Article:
This article was published online on July 13, 2011. Error was subsequently identified in the author name. This notice is included in the online and print versions to indicate that both have been corrected [September 29, 2011].
Differences and over-time changes in levels of prescription opioid analgesic dispensing from retail pharmacies in Canada, 2005–2010†
Article first published online: 13 JUL 2011
Copyright © 2011 John Wiley & Sons, Ltd.
Pharmacoepidemiology and Drug Safety
Volume 20, Issue 12, pages 1269–1277, December 2011
How to Cite
Fischer, B., Jones, W., Krahn, M. and Rehm, J. (2011), Differences and over-time changes in levels of prescription opioid analgesic dispensing from retail pharmacies in Canada, 2005–2010. Pharmacoepidem. Drug Safe., 20: 1269–1277. doi: 10.1002/pds.2190
- Issue published online: 22 NOV 2011
- Article first published online: 13 JUL 2011
- Manuscript Accepted: 17 MAY 2011
- Manuscript Revised: 16 MAY 2011
- Manuscript Received: 16 JUL 2010
- Canadian Institutes of Health Research (CIHR). Grant Number: 12345
- Ministry of Health and Long-Term Care
- Michael Smith Foundation for Health Research Senior Scholar Award
- prescription opioid analgesics;
- pain care;
- prescription monitoring;
- health system;
- psychoactive drug use;
- public health;
To examine qualitative and quantitative levels and trends of prescription opioid analgesics (“opioids”) use and the potential impact of prescription monitoring programs (PMPs), in the 10 Canadian provinces, for 2005–2010.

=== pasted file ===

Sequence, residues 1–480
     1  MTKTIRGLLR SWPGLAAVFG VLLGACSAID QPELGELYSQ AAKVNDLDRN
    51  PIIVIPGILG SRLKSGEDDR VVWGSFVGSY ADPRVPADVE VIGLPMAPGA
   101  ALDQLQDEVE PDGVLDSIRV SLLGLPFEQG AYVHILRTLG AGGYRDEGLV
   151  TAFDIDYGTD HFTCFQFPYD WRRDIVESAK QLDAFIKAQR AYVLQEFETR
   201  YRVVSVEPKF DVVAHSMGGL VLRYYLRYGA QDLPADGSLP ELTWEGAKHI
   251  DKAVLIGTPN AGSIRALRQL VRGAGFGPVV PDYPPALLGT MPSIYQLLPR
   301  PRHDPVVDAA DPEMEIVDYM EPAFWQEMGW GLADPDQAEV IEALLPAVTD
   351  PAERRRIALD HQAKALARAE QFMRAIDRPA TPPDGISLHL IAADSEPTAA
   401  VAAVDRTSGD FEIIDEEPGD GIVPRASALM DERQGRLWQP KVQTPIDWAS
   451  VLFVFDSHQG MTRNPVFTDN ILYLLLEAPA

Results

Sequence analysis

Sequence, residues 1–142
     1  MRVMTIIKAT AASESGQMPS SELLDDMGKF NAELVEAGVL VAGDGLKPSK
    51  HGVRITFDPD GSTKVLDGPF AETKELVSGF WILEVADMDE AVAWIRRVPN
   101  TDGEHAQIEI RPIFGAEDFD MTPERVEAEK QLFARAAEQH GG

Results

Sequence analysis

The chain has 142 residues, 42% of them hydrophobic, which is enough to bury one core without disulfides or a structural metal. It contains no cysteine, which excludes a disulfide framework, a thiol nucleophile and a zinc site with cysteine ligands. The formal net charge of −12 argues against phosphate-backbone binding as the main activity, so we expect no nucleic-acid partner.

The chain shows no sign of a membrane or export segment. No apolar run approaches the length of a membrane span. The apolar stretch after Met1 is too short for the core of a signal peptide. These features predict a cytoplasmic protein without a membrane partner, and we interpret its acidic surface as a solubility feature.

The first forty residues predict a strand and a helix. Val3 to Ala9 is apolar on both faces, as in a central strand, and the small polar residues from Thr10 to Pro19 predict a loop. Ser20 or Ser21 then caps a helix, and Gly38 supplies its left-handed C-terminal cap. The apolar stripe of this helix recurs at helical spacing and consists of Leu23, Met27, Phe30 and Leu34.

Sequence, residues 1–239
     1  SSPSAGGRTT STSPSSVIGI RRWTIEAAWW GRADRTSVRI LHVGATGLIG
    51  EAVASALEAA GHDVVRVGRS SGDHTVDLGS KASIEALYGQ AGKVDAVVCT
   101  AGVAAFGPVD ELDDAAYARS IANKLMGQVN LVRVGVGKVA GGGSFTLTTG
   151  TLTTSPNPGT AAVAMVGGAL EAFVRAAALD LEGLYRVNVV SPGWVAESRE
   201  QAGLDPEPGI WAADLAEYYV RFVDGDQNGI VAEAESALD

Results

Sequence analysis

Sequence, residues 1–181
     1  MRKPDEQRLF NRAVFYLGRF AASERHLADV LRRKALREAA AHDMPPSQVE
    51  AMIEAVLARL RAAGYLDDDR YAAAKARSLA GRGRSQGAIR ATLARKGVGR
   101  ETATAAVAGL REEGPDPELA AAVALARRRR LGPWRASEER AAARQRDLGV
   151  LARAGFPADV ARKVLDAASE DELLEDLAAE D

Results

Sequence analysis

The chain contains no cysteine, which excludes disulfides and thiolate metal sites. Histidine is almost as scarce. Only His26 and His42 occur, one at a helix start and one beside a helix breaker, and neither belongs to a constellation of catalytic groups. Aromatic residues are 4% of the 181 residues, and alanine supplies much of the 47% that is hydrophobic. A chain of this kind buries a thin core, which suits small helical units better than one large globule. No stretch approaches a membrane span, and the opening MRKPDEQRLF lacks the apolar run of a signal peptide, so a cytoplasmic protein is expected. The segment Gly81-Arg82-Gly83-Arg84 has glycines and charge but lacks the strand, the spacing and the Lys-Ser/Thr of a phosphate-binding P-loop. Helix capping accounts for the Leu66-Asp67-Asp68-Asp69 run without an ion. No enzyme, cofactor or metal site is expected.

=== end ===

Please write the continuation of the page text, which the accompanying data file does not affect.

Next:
Opioid dispensing data from a representative sample of 2700 retail pharmacies were obtained. Individual opioid dispensing values were translated into defined daily doses per day/1000 population and categorized into “weak opioids” and “strong opioids” by standardized methods. Opioid prescription rates between provinces and over time, as well as the impact of PMPs, were examined using regression analyses techniques (i.e., Poisson, ANOVAs).
Significant differences between provinces in the overall standardized rates of dispensing for total opioids, as well as for “weak opioids” and “strong opioids” categories, were found. The majority of provinces featured increases or curvilinear trends in the standardized amounts of opioids dispensed over time, mainly driven by increases in “strong opioids” use. In addition, significant inter-provincial differences in the levels of dispensing of individual opioids were found. Comparisons of changes in opioid dispensing between provinces with and without PMPs did not indicate significant differences.
Opioid use featured significant quantitative and qualitative differences between provinces in Canada and showed an overall increasing trend mainly driven by changes in “strong opioids” in the study period. Reasons for the observed differences are not clear yet require systematic examination to allow evidence-based interventions in the interest of equitable pain treatment as well as the reduction of high levels of opioid-related morbidity and mortality in Canada. Copyright © 2011 John Wiley & Sons, Ltd.